#77 Rare Disease Day 2018
February 28th, 2018 was Rare Disease Day! Rare Disease Day is an opportunity to raise awareness for 7,000+ rare diseases and the 30 million Americans who are affected by a rare disease(s). There were events held worldwide to raise awareness. The theme for this year's Rare Disease Day is "Research" and the important role that patients play in gaining an understanding of rare diseases and developing innovative treatments or cures. This year's slogan is "Patients are not only subjects but also proactive actors in research."
This episode features a couple interviews with presenters, who I caught up with at the end of the Rare Disease Day event in Hartford, CT in the Legislative Office Building. This specific event is one I have attended for a few years and provides an opportunity for patients, caregivers, medical professionals and industry representatives to come together and educate elected officials about rare diseases, and what it’s like to live with or care for someone with a rare disease in the state.
A main focus of the event was newborn screening, including the addition of Pompe Disease and Mucopolysaccharidosis Type 1 (MPS1) for Connecticut. Connecticut covers over 60 diseases, while most other states only cover ~40 diseases.
A young man named Hunter Pageau spoke about his extremely rare disease, SMARD, Spinal Muscular Atrophy with Respiratory Distress. SMARD is an aggressive respiratory/neuromuscular disease causing paralysis and inability for patients to breathe on their own. And 1 of only 12 people in the United States, and of 80 worldwide, with SMARD. Being the trailblazer he is, he started YES, the young empowerment society for kids. He is a true inspiration and leader!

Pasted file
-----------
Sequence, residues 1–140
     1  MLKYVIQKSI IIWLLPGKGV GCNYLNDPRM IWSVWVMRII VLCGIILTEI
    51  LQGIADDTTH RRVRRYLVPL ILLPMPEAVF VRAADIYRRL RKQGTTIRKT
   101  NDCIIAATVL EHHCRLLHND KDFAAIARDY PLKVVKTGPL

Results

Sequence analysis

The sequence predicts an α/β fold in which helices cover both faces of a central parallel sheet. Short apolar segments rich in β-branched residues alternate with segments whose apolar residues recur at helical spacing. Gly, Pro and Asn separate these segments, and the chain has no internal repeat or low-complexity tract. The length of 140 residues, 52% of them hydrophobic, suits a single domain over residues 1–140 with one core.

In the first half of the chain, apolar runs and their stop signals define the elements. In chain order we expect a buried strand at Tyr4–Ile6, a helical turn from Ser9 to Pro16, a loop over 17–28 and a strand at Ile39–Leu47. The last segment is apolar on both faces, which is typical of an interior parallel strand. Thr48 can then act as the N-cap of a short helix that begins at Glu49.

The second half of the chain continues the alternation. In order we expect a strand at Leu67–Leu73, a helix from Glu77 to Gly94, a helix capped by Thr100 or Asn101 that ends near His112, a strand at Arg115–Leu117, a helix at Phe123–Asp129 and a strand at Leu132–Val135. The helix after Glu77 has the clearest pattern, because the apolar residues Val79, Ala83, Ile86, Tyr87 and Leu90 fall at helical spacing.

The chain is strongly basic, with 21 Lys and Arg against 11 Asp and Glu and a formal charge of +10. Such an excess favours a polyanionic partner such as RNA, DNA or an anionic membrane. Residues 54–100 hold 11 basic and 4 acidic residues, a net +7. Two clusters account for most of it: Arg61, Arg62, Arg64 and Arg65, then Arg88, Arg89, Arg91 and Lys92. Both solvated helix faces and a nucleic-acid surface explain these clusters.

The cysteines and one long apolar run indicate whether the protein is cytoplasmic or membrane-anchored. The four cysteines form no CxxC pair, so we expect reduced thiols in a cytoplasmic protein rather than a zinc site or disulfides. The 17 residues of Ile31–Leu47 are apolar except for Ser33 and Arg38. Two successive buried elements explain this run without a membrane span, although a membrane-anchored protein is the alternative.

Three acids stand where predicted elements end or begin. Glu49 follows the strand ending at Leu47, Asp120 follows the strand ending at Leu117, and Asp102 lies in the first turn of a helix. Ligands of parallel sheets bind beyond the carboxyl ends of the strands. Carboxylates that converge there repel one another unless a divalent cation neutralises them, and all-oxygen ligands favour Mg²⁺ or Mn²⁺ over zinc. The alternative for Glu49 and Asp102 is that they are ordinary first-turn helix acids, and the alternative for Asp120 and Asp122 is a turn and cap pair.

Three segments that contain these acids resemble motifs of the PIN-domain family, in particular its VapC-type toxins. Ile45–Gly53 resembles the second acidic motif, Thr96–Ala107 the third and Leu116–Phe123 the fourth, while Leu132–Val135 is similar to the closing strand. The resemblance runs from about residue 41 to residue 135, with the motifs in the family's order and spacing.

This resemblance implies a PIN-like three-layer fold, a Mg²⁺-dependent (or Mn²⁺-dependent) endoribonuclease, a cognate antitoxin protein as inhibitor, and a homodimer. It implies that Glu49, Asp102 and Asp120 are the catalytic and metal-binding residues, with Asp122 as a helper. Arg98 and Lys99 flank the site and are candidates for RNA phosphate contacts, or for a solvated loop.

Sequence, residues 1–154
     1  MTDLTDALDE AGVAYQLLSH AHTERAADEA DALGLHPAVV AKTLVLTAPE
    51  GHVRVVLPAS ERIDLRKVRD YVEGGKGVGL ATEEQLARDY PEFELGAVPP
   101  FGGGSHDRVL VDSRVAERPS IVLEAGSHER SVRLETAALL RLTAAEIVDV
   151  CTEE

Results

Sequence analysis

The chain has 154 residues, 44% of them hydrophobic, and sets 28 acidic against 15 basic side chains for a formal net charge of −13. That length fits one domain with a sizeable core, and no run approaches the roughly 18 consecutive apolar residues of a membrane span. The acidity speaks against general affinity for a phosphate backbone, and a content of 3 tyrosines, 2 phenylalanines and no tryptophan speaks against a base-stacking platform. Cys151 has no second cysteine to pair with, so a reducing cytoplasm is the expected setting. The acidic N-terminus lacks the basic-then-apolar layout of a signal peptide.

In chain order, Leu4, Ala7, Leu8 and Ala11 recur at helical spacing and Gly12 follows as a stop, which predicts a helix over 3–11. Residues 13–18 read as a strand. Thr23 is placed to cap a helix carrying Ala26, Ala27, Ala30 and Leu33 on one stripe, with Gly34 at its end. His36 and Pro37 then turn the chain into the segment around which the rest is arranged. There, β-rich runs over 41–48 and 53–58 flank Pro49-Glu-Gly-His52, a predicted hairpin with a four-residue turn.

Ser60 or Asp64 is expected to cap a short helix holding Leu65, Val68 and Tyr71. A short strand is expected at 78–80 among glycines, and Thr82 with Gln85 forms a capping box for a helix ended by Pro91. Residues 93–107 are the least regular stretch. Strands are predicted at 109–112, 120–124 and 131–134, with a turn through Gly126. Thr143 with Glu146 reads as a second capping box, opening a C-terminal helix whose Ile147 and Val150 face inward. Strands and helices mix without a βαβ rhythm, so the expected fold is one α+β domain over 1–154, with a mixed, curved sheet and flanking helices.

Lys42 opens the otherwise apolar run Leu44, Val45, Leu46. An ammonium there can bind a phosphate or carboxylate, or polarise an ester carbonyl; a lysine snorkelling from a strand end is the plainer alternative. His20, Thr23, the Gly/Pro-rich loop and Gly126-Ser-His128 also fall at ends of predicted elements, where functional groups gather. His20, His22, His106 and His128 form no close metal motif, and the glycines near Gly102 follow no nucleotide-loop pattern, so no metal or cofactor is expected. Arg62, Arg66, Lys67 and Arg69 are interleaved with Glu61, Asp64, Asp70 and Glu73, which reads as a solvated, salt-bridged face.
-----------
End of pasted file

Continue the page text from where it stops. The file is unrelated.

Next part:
Going with the theme of this year’s Rare Disease Day, researchers shared how vital funding is to their research and the cascade effect initial funding can have. Stormy Chamberlain, PhD, a researcher at UCONN who focuses on Angelman Syndrome, explained how the Connecticut Stem Cell Research Fund led to NIH funding and partnerships with pharmaceutical companies such as Alexion. Presenting alongside her was Jim Kubicza, a father of a child who has Angelman Syndrome. As a fierce patient advocate, he joined the Angelman Syndrome Foundation to help raise some of this research money. He also shared some aspects of being the father of a child with a rare disease, including the burden of expensive seizure medication, full-time supervision of his son, and fighting for basic needs for his son at school. He shared more in our interview in this episode.
There was also a family with a daughter who has Dravet Syndrome. Beth Fox shared about her daughter's 250 unconscious seizures, despite trying multiple different medications, and their battles with her insurance company for coverage. In a cute moment, her daughter joined her at the podium, excited to introduce herself.
Jean Kelley also spoke as a patient advocate. Her son Brian has a rare neurological disease called Adrenoleukodystrophy (ALD) for which she started an organization, Brian’s Hope. She shares more during her interview in this episode.
Senators and Representatives also spoke about their support for rare diseases including the Connecticut Rare Disease Task Force. This bipartisan group focuses on newborn screening, insurance issues, support services in school systems among other topics. It takes 2.5 billion dollars and 12 years to develop a drug, so we need to give tax credits to companies so they have incentive to come to Connecticut for their research, which then helps the state. It’s fantastic that an event like this can bring legislators into the conversation so we can take action to help families with rare diseases.
For more information about Rare Disease please visit NORD’s rarediseases.org and check out the other episodes about rare diseases including previous Rare Disease Days.